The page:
Setting Up Your New Business As A Partnership

If you have decided to begin a new business and you have someone who is going to start that business with you, then you may want to consider forming your business as a partnership. If you were to start the business on your own then a sole trader option may be better. However, if you have another person or more who wants to go into business with you and you are not yet ready to set up a limited company, a partnership is a better option and for many reasons.

A partnership is simply two or more people who own and operate a business together. Partnerships are not required to have separate legal statuses. If you want to create a unique legal entity then a limited company may be best. You can also form a limited company through one of your partners in the partnership.

When you form your partnership, one partner is required to be the nominated partner. This person is responsible for registering your new partnership with HMRC. HMRC registration can be done online or through a company formation agent. The partner who is designed will be registered with HMRC for self assessment tax.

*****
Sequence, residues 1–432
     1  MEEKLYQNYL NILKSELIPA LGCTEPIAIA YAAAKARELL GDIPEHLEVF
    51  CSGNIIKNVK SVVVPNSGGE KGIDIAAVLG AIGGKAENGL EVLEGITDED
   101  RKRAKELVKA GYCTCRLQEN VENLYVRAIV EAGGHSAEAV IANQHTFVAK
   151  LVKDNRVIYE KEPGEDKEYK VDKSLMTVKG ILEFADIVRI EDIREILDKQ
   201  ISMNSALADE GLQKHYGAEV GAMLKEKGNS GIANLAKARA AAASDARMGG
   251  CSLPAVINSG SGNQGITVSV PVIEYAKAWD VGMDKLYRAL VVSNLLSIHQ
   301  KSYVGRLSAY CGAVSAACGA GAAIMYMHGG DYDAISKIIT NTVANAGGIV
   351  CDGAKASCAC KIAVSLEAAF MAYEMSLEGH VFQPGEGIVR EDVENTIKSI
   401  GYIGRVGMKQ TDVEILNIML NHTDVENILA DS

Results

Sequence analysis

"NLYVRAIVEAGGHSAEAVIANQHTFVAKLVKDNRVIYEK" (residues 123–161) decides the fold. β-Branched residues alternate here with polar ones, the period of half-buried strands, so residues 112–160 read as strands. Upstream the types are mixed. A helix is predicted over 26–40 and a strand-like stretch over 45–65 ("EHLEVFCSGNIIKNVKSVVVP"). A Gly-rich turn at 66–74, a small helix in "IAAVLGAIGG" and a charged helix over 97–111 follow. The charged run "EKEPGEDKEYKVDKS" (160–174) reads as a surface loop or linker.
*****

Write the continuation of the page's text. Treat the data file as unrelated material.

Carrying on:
One thing that you do not need to do when forming a partnership is notify Companies House. It is not required for you to register your company through Companies House and you have no accounting or administrative requirements with a partnership. This is one reason that many choose this option over forming a limited company when they are first starting out their business.

You should note however that each partner is liable for your business. This means that every single partner has a personal liability for any debts that your business incurs. If your business fails or is dissolved, all partners will be responsible for splitting the costs to pay off any business debts.

With regards to taxes, each partner will be responsible for reporting to HMRC that they are now self employed. Each business income will be counted on a personal level next to any personal income for each partner. Because of this, it may be a good idea to hire a professional accountant for tax purposes, particularly if you or none of your partners have experience in preparing tax documents. A professional accountant can also help you to meet all of the requirements for your partnership, including helping you to file the necessary paperwork with HRMC for each partner.

There are legal issues that you will also need to consider. If during your business operation, any partner withdraws then you will be required to dissolve the partnership immediately because it has no legal status. You have to take into consideration that things happen that are often unforeseen. Make sure that you are prepared to dissolve your business if and when one of these issues arises. There are a number of benefits to forming a partnership just as there are benefits to any legal business entity. You should research the advantages and disadvantages of the different company formation types before making your choice to ensure that you are selecting the right entity for your new business.